• Candy roaster squash is a landrace developed by the Cherokee people in the southern Appalachians. A United States Department of Agriculture accession in 1960 notes that Candy Roasters had been grown for more than 100 years as of that date.[11] It is variable in size and shape with more than 40 distinct forms according to one authority.[12] Candy roasters consistently feature fine-textured orange flesh, while varying in size (from 10 lbs to more than 250 lbs); shape (including round, cylindrical, teardrop, and blocky); and color (pink, tan, green, blue, gray, and orange).[13] An article in the 1925 Charlotte Observer newspaper of Charlotte, North Carolina provides an account of two candy roaster varieties at a Cherokee fair that were both of similar shape and size to a Catawba watermelon, one being colored like a citron melon and the other "pumpkin color".[14]
  • Hubbard squash usually has a tear-drop shape and is often used as a replacement for pumpkins in cooking. According to one source,[15] the name comes from Bela Hubbard, settler of Randolph Township, Ohio, in the Connecticut Western Reserve. Other sources conclude that this variety came to Marblehead, Massachusetts via Captain Knott Martin where Elizabeth Hubbard brought it to the attention of her neighbor, a seed trader named James J. H. Gregory. Gregory subsequently introduced it to the market using Hubbard as the eponym. Gregory later bred and released the Blue Hubbard, a variety with bluish-gray skin. Another variety, the Golden Hubbard, has a bright orange skin. Gregory advertisements for Hubbard squash began by 1859.[16][17][18] The Hubbard squash, including questions regarding the name, is the subject of a children's ditty, "Raising Hubbard Squash in Vermont".[19]
  • Jarrahdale pumpkin is a pumpkin with gray skin that is nearly identical to Queensland Blue and Sweet Meat_(squash) varieties.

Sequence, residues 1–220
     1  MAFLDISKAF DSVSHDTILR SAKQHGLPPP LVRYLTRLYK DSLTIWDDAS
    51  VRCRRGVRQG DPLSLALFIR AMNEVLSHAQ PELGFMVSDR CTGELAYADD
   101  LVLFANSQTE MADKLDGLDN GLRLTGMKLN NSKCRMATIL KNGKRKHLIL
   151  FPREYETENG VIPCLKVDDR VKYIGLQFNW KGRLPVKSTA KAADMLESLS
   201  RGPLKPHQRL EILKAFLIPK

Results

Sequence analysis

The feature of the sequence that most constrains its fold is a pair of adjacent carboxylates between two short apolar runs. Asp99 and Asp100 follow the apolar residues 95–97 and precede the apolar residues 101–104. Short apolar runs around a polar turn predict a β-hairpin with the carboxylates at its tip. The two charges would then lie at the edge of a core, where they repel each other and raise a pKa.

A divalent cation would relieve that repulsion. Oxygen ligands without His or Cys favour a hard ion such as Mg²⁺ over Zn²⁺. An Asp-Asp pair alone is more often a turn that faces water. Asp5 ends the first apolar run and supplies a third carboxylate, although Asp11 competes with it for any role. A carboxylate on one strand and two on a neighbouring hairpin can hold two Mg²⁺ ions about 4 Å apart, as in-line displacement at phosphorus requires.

• Kabocha is a Japanese variety with dark green skin and bright golden-orange flesh.
  • Lakota squash is an American variety.
  • Nanticoke squash was grown by the Nanticoke people of Delaware and Eastern Maryland. It is one of only a few surviving Native American winter squashes from the Eastern woodlands.[20]
  • Turban squash, also known as "French turban", predates 1820 and is closely related to the buttercup squash.[21]

Uses[edit]

Buttercup squash, a common cultivar, can be roasted, baked, and mashed into soups, among a variety of filler uses, much like pumpkin. It is extremely popular, especially as a soup, in Brazil, Colombia, and Africa.

All giant pumpkins (over 300 pounds or 140 kilograms) are of this species, including the largest pumpkins ever documented, which have attained a size of 2,702.9 pounds (1,226.0 kg) as of 2021.[22]

The seed of C. maxima is used in treating parasites in animals.[23]

Cultivation[edit]

Since this plant requires a fair amount of hot weather for best growth, it has not become very well established in northern Europe, the British Isles, or in similar areas with short or cool summers.[4]

The ideal soil pH range for cultivation ranges from 6.0 to 6.8.

Recommended spacing can vary depending on the specific variety, but generally, plants are spaced around 3–5 feet apart in rows that are approximately 6–10 feet apart. Planting depth of around 1–2 inches.

Fertilization should be carried out based on soil test results and specific crop nutrient requirements.[24]

Many cultivars of Cucurbita maxima have been developed. Only long-vining plants are known in this species.[4] As in C. pepo, plants exist with a "bush habit" that is particularly evident in young plants, but older plants grow in the wild-type vining manner.[25]

Gallery[edit]

References[edit]

  1. ^ "Cucurbita maxima". The Plant List. Retrieved November 15, 2014.